Loneliness is different than just being alone
It needs to be emphasized here that loneliness is not the same as being alone. A person will always have time when they chose to be alone. Rather, loneliness is the feeling of being alone and feeling sad about it. And, of course, all of us feel lonely some of the time. It is only when we seem trapped in our loneliness that it becomes a real problem.
How do we contribute to our own sense of loneliness?
Loneliness is a passive state. That is, it is maintained by our passively letting it continue and doing nothing to change it. We hope it will go away, eventually, and we do nothing but let it envelop us. Strangely, there are times when we might even embrace the feeling. Yet, embracing loneliness and sinking down into the feelings associated with it usually leads to a sense of depression and helplessness, which, in turn, leads to an even more passive state and more depression.
Finding ways to change these feelings of loneliness
Recognize the lonely feelings and express them
To stop feeling lonely, we first must accept that we are feeling lonely. Sometimes admitting that to ourselves is difficult. We then have to express those feelings of loneliness in some way. We might find ourselves writing in a diary, writing an imaginary letter to a friend or relative, drawing or painting a picture, making up a song, or doing anything else that lets us begin to express the feelings we have inside us—including talking with other people! Expressing our feelings might lead us to discover that we feel a number of things which might be connected to our feelings of loneliness, including sadness, anger, and frustration. We might be able to begin to see where these feelings are coming from—what they are connected to in our lives. As we begin to see the connections we will be more able to begin to make changes.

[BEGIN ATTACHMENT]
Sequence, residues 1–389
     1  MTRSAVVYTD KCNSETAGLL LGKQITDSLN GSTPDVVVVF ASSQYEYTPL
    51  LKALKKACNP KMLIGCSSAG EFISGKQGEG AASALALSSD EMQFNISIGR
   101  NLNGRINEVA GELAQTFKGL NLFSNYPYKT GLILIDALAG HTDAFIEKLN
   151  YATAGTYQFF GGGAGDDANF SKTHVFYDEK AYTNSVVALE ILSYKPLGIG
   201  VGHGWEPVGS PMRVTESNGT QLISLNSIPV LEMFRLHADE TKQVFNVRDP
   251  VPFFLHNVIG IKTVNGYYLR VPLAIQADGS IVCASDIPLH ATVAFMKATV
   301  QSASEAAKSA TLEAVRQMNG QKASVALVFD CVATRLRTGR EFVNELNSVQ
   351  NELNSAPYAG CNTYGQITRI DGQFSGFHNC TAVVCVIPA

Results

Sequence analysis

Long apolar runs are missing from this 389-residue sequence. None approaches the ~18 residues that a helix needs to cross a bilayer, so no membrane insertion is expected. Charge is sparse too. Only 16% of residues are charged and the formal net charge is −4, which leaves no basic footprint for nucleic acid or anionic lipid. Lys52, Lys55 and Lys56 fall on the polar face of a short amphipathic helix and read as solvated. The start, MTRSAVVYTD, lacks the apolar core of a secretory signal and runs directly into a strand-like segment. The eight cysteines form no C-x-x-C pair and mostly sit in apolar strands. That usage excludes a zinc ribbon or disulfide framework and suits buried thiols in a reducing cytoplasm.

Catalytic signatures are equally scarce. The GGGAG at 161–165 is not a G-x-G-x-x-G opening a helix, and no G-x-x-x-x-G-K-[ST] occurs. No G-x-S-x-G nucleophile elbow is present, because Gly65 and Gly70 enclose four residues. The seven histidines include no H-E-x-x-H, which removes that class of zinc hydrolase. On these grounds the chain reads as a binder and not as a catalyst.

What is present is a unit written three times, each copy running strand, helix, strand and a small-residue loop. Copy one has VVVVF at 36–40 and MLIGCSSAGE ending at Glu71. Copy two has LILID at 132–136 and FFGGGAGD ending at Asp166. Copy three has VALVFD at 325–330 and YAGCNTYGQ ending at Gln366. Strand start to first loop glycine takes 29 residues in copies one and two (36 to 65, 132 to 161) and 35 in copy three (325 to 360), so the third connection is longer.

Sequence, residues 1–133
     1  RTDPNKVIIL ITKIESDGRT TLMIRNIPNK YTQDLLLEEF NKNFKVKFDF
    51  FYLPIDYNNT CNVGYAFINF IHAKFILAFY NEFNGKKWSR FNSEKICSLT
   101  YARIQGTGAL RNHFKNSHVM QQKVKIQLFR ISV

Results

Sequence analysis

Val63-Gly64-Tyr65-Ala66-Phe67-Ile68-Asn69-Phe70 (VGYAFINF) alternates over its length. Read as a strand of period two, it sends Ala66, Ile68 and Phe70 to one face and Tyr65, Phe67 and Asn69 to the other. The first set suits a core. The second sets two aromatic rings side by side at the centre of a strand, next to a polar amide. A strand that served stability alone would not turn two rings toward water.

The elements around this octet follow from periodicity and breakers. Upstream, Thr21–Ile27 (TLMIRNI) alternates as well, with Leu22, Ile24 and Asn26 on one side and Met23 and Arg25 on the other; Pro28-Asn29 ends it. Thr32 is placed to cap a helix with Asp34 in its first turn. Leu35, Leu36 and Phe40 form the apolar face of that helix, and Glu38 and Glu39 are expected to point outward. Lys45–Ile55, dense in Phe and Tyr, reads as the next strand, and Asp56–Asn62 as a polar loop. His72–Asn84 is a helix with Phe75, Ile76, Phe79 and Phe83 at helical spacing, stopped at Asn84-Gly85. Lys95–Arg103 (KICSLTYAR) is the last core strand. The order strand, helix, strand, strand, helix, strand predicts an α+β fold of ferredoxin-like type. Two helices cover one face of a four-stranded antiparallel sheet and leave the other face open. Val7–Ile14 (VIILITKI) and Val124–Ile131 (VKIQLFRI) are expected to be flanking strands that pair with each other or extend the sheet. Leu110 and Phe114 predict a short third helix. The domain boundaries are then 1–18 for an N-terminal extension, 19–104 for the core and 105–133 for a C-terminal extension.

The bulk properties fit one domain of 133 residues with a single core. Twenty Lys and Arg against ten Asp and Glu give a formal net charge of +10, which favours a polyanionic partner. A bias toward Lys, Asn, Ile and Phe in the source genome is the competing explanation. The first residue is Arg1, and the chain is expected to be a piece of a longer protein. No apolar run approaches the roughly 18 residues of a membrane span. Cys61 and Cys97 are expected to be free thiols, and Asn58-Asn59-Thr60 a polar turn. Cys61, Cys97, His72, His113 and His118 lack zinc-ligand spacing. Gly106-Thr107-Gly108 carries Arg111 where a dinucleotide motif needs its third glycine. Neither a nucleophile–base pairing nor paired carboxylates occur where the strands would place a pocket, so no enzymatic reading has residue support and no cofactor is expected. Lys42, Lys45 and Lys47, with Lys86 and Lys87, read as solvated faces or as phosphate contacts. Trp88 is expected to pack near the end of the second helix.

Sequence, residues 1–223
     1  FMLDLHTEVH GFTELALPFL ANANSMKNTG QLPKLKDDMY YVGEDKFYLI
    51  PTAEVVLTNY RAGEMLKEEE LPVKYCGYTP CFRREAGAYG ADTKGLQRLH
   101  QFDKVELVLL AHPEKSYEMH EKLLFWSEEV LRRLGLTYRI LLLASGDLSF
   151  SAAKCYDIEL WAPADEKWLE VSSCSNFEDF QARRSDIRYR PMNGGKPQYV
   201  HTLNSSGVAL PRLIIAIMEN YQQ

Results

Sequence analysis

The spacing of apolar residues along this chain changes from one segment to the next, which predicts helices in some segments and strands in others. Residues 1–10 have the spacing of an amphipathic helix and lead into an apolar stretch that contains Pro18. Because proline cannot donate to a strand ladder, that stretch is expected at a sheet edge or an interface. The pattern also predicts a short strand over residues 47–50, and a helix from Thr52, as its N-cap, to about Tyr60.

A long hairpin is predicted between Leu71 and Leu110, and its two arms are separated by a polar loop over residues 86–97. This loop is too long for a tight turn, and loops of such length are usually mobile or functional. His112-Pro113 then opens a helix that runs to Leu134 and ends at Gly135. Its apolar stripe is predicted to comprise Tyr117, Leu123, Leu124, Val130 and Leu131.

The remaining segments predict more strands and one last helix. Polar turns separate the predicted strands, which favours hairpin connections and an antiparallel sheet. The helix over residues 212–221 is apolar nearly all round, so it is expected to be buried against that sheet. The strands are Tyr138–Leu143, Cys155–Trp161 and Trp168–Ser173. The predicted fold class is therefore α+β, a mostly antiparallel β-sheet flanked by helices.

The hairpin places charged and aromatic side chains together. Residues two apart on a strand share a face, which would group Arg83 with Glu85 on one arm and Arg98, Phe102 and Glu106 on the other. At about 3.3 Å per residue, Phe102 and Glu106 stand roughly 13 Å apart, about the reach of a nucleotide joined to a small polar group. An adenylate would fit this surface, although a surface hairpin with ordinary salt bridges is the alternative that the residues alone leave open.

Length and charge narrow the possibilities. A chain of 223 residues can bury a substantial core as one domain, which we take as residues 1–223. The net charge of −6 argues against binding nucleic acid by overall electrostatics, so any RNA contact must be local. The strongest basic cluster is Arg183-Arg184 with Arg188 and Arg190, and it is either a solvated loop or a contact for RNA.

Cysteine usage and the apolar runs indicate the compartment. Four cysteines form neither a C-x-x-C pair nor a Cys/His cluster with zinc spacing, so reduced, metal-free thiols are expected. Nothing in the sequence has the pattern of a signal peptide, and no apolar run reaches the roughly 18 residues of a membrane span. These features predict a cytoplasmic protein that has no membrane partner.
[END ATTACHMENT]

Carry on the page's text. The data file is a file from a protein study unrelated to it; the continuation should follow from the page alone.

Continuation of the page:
Become more active